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See detailSemantic Annotation of Global Positioning System Traces: Activity Type Inference
Reumers, Sofie; Liu, Feng; Janssens, Davy et al

in Transportation Research Record: Journal of the Transportation Research Board (2013), 2383

Because of the rapid development of technology, larger data sets on activity travel behavior have become available. These data sets often lack semantic interpretation. This lack of interpretation implies ... [more ▼]

Because of the rapid development of technology, larger data sets on activity travel behavior have become available. These data sets often lack semantic interpretation. This lack of interpretation implies that annotation of activity type and transportation mode is necessary. This paper aims to infer activity types from Global Positioning System (GPS) traces by developing a decision tree-based model. The model considers only activity start times and activity durations. On the basis of the decision tree classification, a probability distribution and a point prediction model were constructed. The probability matrix described the probability of each activity type for each class (i.e., combination of activity start time and activity duration). In each class, the point prediction model selected the activity type that had the highest probability. Two types of data were collected in 2006 and 2007 in Flanders, Belgium (i.e., activity travel data and GPS data). The optimal classification tree constructed contained 18 leaves. Consequently, 18 if-then rules were derived. An accuracy of 74% was achieved when the tree was trained. The accuracy of the model for the validation set (72.5%) showed that overfitting was minimal. When the model was applied to the test set, the accuracy was almost 76%. The models indicated the importance of time information in the semantic enrichment process. This study contributes to future data collection in that it enables researchers to infer activity types directly from activity start time and duration information obtained from GPS data. Because no location information is needed, this research can be easily and readily applied to millions of individual agents. [less ▲]

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See detailProfiling workers’ activity-travel behavior based on mobile phone data
Liu, Feng; Janssens, Davy; Wets, Geert et al

in Proceedings of the Third International Conference on the Analysis of Mobile Phone Datasets (NetMob) (2013)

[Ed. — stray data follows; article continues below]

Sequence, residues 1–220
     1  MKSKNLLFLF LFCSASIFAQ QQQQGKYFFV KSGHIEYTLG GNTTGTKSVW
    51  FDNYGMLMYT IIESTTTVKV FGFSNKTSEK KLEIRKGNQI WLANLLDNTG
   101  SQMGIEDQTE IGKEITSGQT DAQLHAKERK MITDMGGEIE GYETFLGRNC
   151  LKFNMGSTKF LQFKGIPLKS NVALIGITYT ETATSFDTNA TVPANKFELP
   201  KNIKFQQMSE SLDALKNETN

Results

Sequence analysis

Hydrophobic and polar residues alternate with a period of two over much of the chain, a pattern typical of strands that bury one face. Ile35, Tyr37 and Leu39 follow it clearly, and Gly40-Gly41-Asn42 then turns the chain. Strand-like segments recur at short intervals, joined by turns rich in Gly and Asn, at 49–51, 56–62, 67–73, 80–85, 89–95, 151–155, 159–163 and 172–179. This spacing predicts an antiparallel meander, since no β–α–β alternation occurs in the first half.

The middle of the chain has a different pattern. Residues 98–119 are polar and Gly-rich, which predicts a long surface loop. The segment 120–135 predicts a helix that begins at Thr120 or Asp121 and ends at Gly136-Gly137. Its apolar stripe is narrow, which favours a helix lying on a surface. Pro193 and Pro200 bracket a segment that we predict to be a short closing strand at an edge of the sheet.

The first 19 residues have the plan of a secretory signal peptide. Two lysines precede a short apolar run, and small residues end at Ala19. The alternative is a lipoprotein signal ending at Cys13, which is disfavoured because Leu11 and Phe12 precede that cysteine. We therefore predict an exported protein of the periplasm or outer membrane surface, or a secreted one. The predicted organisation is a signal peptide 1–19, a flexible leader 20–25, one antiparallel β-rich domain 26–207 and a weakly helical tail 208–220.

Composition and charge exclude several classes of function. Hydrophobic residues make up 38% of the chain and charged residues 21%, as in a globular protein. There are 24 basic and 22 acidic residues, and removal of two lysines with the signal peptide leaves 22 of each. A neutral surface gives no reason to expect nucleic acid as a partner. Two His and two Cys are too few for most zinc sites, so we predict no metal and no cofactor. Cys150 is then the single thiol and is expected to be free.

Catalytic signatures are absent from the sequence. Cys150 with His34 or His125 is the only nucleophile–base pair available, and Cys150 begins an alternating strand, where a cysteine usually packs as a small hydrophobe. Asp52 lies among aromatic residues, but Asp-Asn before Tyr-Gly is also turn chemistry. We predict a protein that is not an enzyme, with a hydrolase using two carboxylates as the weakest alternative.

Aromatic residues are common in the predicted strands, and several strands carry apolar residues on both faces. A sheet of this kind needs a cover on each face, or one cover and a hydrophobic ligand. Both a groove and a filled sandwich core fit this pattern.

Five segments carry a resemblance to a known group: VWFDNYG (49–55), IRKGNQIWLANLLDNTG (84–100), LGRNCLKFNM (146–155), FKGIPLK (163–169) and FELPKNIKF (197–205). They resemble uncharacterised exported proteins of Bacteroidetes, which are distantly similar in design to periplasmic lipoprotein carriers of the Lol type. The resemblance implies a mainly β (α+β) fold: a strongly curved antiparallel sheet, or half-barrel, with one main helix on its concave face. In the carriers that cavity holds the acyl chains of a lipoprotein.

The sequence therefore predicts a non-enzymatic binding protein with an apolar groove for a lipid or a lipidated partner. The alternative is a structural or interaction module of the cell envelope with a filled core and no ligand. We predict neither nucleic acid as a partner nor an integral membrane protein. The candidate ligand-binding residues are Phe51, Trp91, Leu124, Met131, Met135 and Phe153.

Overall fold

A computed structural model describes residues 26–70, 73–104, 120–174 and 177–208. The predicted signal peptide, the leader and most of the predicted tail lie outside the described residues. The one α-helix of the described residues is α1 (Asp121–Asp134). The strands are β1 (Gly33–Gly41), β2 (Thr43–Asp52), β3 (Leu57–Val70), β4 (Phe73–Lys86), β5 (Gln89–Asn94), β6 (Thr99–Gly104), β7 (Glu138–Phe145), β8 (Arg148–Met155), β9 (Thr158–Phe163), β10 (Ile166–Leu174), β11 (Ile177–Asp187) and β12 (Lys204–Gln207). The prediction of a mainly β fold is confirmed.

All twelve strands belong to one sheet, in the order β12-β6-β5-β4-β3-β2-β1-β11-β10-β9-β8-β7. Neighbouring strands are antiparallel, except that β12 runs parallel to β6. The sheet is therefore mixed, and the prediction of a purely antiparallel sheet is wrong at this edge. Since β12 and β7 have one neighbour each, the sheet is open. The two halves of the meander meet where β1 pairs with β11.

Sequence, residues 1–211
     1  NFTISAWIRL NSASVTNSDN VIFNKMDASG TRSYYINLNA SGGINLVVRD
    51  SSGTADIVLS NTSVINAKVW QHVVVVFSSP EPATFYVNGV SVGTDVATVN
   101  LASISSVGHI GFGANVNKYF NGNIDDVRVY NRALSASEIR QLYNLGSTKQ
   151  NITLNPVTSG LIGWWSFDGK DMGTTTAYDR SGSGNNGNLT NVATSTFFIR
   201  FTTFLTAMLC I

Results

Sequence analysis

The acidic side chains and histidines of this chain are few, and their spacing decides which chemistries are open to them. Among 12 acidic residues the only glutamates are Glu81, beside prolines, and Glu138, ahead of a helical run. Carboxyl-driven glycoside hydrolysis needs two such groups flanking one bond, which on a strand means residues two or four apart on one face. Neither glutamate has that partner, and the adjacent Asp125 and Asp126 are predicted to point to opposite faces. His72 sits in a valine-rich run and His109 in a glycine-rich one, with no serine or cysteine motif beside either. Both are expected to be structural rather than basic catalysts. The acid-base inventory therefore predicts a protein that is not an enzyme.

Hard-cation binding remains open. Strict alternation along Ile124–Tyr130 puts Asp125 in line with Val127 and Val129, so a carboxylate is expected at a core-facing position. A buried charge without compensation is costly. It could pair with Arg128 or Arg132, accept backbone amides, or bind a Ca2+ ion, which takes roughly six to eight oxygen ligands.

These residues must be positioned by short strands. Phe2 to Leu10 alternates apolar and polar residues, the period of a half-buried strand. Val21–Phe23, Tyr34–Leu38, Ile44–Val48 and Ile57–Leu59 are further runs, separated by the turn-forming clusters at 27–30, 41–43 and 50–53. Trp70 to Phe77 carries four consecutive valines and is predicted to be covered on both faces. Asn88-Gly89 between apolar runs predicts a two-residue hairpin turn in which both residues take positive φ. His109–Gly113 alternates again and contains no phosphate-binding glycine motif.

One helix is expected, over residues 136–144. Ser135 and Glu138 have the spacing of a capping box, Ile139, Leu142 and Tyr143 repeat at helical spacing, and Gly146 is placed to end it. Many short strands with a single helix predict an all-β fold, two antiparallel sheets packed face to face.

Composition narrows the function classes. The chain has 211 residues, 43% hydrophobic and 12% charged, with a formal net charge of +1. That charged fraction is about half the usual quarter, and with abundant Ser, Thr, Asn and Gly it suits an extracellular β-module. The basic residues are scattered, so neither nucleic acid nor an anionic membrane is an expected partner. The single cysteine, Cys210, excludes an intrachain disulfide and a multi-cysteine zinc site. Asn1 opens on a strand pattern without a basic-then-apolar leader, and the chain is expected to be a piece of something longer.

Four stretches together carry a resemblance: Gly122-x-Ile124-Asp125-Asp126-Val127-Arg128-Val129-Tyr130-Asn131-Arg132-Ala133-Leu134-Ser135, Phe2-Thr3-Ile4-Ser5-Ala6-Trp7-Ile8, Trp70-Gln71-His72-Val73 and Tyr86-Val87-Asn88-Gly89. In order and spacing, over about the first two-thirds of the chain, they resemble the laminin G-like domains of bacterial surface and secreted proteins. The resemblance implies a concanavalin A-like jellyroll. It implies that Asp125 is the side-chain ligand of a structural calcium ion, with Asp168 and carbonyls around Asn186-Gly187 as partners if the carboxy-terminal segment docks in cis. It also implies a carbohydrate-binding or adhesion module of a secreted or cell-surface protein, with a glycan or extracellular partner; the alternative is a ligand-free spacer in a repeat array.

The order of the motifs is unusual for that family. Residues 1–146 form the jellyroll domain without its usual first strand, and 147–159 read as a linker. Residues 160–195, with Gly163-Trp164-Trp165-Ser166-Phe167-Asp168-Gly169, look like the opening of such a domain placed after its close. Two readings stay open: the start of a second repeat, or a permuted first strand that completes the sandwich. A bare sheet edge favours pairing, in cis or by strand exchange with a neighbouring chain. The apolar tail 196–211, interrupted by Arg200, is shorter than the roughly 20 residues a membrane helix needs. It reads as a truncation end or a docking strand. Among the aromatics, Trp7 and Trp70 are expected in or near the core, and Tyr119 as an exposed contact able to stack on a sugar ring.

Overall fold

Activity-based micro-simulation models typically predict 24-hour activity-travel patterns for each individual in a study area. These patterns reflect the characteristics of the available transportation ... [more ▼]

Activity-based micro-simulation models typically predict 24-hour activity-travel patterns for each individual in a study area. These patterns reflect the characteristics of the available transportation infrastructure and land-use system as well as individuals’ lifestyles and needs. However, the lack of a reliable benchmark to evaluate the generated patterns has been a major concern. To address this issue, we explore the possibility of using mobile phone data to build such a validation measure. Our investigation consists of three steps. First, the daily trajectory of locations, where a user performed activities, is constructed from the mobile phone records. To account for the discrepancy between the movements revealed by the call data and the real traces that the user has made, the daily trajectories are then transformed into travel sequences. Finally, all the inferred travel sequences are classified into typical activity-travel patterns which, in combination with their relative frequencies, define a profile. The established profile represents the activity-travel behavior in the study area, and thus can be used as a benchmark for the validation of the activity-based models. By comparing the benchmark profiles derived from the call data with statistics that stem from activity-travel surveys, the validation potential is demonstrated. In addition, a sensitivity analysis is carried out to assess how the results are affected by the different parameter settings defined in the profiling process. [less ▲]